SPEED SISTERS || 2015, Palestine / USA / Qatar / UK / Denmark / Canada || Documentary || Directed by – Amber Fares || Running time: 78 mins.
The Middle East is a territory that constantly inspired filmmakers. However, for once, there are more positive vibes than usual to be found in Speed Sisters – a feature documentary about five charismatic young Palestinian women who put together the first team of female racing drivers in the Middle East.
The subject is of course intersting for many reasons, but two in particular. The first is that somehow, motor sports are not the first thing that comes to mind when one thinks of Palestine. The second is that if car racing in the so called Western world is male dominated, one would presume the situation would be a little more intense in a territory traditionally marked by its conservative religious and ethical beliefs.
The film follows the story of each one of the women of the team. Thus, it presents an arrange of different cultural background, and different individual personalities. Two of the girls who for instance come from a more privileged family background have completely opposite personalities; one is a tomboy, the other is much more girly. One of the girls in the team comes from a particularly empoverished area of Palestine, but despite some opposition from most of the older generation living in the area, is hailed as one of its heroic representatives and enjoys full support from her loving father.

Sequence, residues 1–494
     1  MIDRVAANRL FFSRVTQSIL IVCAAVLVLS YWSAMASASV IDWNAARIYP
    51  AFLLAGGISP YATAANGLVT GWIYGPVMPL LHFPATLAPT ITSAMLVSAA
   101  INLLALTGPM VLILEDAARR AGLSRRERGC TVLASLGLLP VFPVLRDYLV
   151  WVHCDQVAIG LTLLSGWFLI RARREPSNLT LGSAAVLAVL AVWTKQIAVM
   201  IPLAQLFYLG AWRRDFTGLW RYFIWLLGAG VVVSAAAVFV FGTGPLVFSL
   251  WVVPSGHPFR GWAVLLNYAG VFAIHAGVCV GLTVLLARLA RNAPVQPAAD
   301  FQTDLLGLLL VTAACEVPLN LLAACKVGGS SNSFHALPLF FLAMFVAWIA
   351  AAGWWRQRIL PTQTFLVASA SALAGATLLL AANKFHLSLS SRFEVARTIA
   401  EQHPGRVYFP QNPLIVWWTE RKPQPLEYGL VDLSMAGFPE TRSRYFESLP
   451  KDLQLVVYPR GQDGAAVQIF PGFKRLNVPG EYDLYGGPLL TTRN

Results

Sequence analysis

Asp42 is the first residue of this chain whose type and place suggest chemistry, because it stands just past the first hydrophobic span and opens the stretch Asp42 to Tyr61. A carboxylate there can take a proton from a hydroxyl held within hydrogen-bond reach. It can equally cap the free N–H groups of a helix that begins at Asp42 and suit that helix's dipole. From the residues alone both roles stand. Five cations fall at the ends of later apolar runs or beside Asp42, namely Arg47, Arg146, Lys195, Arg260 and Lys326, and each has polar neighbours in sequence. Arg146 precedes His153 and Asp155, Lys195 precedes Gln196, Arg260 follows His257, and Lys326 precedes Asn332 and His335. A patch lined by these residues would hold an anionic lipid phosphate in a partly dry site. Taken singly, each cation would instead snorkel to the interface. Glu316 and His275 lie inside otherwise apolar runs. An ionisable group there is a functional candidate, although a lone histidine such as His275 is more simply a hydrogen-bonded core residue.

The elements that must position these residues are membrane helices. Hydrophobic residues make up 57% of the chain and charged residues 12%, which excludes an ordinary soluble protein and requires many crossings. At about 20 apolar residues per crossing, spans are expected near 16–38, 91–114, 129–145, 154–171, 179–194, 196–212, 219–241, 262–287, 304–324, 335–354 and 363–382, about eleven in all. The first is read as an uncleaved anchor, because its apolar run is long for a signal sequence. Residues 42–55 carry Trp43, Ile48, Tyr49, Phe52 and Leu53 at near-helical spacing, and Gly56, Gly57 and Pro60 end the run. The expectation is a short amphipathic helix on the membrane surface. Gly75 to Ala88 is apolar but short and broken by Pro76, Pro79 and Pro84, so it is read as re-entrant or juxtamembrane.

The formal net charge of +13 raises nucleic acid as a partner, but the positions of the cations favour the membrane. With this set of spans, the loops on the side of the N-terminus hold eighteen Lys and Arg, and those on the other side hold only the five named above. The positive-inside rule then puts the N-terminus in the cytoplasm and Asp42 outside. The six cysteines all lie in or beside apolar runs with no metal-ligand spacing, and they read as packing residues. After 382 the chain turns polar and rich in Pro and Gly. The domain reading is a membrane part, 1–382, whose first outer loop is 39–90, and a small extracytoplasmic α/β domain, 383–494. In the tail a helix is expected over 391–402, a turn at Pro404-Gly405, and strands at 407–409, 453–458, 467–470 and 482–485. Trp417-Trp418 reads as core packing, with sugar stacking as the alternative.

Speed Sisters is an entertaining documentary, and director Amber Fares does not seem to be interested in delivering a documentary from a patronizing, neo-colonialist perspective. There are moments when the film are genuinely funny, such as the scenes in which CNN runs a story on the girls. There are times when the film is downright exciting, such as in the racing scenes. However, even Speed Sisters can’t escape from the drama of its setting, revealed in the scenes near the checkpoints where gunfire erupts. The news is that the film is not dominated by such moments, and it seems that this is also because for the Palestinians, these are events are simply, albeit worryingly, part of everyday life. The documentary is more invested in the racing and its protagonists on a human level. And it’s a good thing too because there in the process, it develops into quite an inspirational tale. – 4/5